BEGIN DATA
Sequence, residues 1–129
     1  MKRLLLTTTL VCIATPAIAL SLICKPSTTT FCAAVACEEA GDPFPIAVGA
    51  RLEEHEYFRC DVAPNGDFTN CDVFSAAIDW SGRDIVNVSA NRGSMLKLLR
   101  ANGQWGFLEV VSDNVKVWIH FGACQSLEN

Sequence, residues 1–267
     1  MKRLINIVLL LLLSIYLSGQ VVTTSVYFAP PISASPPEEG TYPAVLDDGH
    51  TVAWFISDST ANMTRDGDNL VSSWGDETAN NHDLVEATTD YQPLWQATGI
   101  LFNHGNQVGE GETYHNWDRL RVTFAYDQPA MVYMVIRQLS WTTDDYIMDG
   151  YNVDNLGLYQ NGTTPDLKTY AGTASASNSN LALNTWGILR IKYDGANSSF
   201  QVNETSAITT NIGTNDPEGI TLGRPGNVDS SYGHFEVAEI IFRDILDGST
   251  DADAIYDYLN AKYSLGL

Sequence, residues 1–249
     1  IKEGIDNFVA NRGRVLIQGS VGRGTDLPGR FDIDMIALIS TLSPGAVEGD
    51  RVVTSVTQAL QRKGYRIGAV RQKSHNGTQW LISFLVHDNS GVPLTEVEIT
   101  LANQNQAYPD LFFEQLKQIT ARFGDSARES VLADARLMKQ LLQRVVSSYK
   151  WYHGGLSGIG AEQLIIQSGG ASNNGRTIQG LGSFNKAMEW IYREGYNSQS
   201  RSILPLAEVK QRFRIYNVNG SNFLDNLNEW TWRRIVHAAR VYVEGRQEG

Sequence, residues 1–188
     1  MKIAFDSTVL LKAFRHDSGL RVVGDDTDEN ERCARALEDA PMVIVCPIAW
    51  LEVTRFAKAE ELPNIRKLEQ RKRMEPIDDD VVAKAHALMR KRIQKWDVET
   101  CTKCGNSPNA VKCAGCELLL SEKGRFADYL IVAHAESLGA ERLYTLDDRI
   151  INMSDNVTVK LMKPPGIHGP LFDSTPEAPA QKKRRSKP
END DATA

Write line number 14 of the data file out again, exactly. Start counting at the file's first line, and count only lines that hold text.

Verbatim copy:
    51  RVVTSVTQAL QRKGYRIGAV RQKSHNGTQW LISFLVHDNS GVPLTEVEIT